September Gardening Jobs

Greensleeves Blog | 09 March 2019
September Gardening Jobs

There’s loads to be doing in September with so much fruit and veg that can be harvested this month, as well as preparing other plants for autumn and the winter ahead. Read our list of September gardening jobs so you know what to look out for this month.


September Gardening Jobs



Overseeding — It’s the perfect time of year to plant new grass seeds over your lawn to make it thicker, greener and more lush for next year. With cooler temperatures and more moisture, grass seeds have a much better chance of establishing during September and early autumn than at other times in the year.

Mowing — Keep mowing your lawn to ensure it stays neat and tidy. Grass growth will eventually slow down as it gets colder, but it’ll still be growing a lot throughout this month!

Aeration — To avoid compaction and waterlogging into autumn and winter, take the opportunity now to aerate your lawn through hollow tine aeration. This will help keep your garden healthy even as temperatures drop and the ground hardens.

Autumn Treatment — Book an autumn lawn treatment from Greensleeves, which involves feeding your grass with a specialist fertiliser designed by us to give your grass what it needs this autumn.


Fruit and Vegetables

Harvest — September is a big month for harvesting loads of different fruit and vegetables including:

  • Beans
  • Peas
  • Onions
  • Apples
  • Plums
  • Tomatoes
  • Courgettes
  • Potatoes

Tomatoes — If your tomatoes haven’t ripened yet, remove some of the leaves so the sun can get to the fruit. This will help make sure they ripen and can be harvested during September.

Courgettes — Keep on top of harvesting courgettes, especially if you have a lot of them as they can quickly turn to marrows if you’re not watching!

Apples — Apples will start being able to be harvested in September. To know if a fruit is ready to be picked, lift it in the palm of your hand and twist it slightly. If the fruit falls away easily then it’s ready.

Pear trees — Pears will continue ripening throughout September and you’ll start being able to harvest them. To test if the fruit is ready, lift it in your palm and give it a slight twist. It should fall away easily. 

If you’ve got a bumper crop, be careful that the weight of the fruit doesn’t threaten to break any tree branches. It is sometimes worth cutting off some fruit to save the whole branch.

Potatoes — Once the leaves of potatoes begin to change colour, cut away the foliage and leave the potatoes in the ground for 1-3 weeks before digging them up. Store them in a cool, dark place in hessian sacks so they can breathe. Be sure to only store dry, healthy potatoes that don’t have tubers or signs of rot.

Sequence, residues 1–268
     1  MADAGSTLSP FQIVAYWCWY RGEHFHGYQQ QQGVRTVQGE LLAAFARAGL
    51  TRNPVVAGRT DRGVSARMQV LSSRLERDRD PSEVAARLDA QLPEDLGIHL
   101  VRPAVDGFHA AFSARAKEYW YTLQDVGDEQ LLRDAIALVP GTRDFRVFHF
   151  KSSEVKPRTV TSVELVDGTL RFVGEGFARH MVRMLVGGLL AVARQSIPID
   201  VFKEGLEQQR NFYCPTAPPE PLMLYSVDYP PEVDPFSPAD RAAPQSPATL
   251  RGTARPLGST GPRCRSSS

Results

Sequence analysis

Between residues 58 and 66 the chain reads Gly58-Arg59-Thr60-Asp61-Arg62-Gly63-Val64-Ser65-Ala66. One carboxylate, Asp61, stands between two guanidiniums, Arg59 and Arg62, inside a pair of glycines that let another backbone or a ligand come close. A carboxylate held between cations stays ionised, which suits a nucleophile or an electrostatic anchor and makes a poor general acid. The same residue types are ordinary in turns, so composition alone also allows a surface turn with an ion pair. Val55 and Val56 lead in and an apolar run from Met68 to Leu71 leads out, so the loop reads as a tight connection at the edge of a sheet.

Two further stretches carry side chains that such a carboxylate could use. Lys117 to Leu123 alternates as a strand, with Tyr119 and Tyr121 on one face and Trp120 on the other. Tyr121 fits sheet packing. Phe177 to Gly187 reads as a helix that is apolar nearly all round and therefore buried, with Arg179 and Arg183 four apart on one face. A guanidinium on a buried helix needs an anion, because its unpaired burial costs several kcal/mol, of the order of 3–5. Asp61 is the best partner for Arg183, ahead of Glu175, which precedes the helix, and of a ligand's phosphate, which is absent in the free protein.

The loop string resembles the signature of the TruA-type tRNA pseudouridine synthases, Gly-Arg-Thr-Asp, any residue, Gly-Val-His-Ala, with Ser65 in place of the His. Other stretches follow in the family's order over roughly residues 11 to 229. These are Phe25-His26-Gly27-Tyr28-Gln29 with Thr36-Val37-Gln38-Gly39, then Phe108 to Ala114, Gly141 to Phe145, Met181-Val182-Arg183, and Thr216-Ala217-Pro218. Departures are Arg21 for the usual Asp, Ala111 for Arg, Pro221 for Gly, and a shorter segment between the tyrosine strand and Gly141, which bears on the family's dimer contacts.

Pumpkins — will ripen for Halloween if you remove some of the leaves that prevent sunlight reaching the fruit. It can be a good idea to lift them off the ground with brick or wood to prevent rotting.

Beans and peas — Once you’ve finished harvesting beans and peas, cut the plants away but leave the roots in the ground. As they rot, they release nitrogen into the soil.



Plant spring bulbs — Plant spring-flowering bulbs like hyacinths and daffodils now to ensure you get a beautiful display next year!

Water — camellias and rhododendrons if there’s not much rain to keep them healthy now. This will mean lots of buds develop next year.

Deadhead — roses, penstemons and dahlias to keep them flowering for as long as possible.

Prune Roses — Both climbing and rambling roses should be pruned once they’ve finished flowering.


Around the Garden

Net ponds — Net your ponds now to prevent them from becoming clogged with autumn leaves when they start to fall.

Close greenhouse vents — in the afternoon to trap heat inside overnight. This will help your plants to produce crop for longer. You should also water as early in the day as possible to ensure that the greenhouse isn’t damp overnight which can encourage botrytis.

Remove greenhouse shading — If your greenhouse has shading, remove it now to help plants get as much light as possible.

Raise pots — Use bricks to lift pots of the ground to prevent waterlogging.

Create compost bins — in preparation for autumn leaves and other garden waste. Read our handy guide to composting for more information!

You might also like to read

Lawn care news from Greensleeves HQ, packed full of inspiration for not only making the most of your lawn but your garden and home.

Leaf Trouble on Your Lawn or Patio?

Explore the 5 best leaf blowers and vacuums for 2023! Does your lawn or patio get covered in leaves? A leaf blower is a quick and easy way to clear…

Late summer superfood for your lawn – and some summer superfood for you too!

What a rollercoaster of a summer it’s been. After the hottest June since records began, July and August have been a mixed bag to say the least. Wind, rain and…

After the summer weather… your lawn needs some air!

We’re into the final weeks of the summer holidays, and after some mixed weather and a few unsettled spells (this is the UK, after all!) – it’s time to recognise…

Battling Red Thread: Your Comprehensive Guide to A Healthy Lawn

The advent of rain followed by sunshine might seem like the perfect weather for your lawn. However, it’s also the ideal scenario for the growth of a cottony, reddish-hued lawn…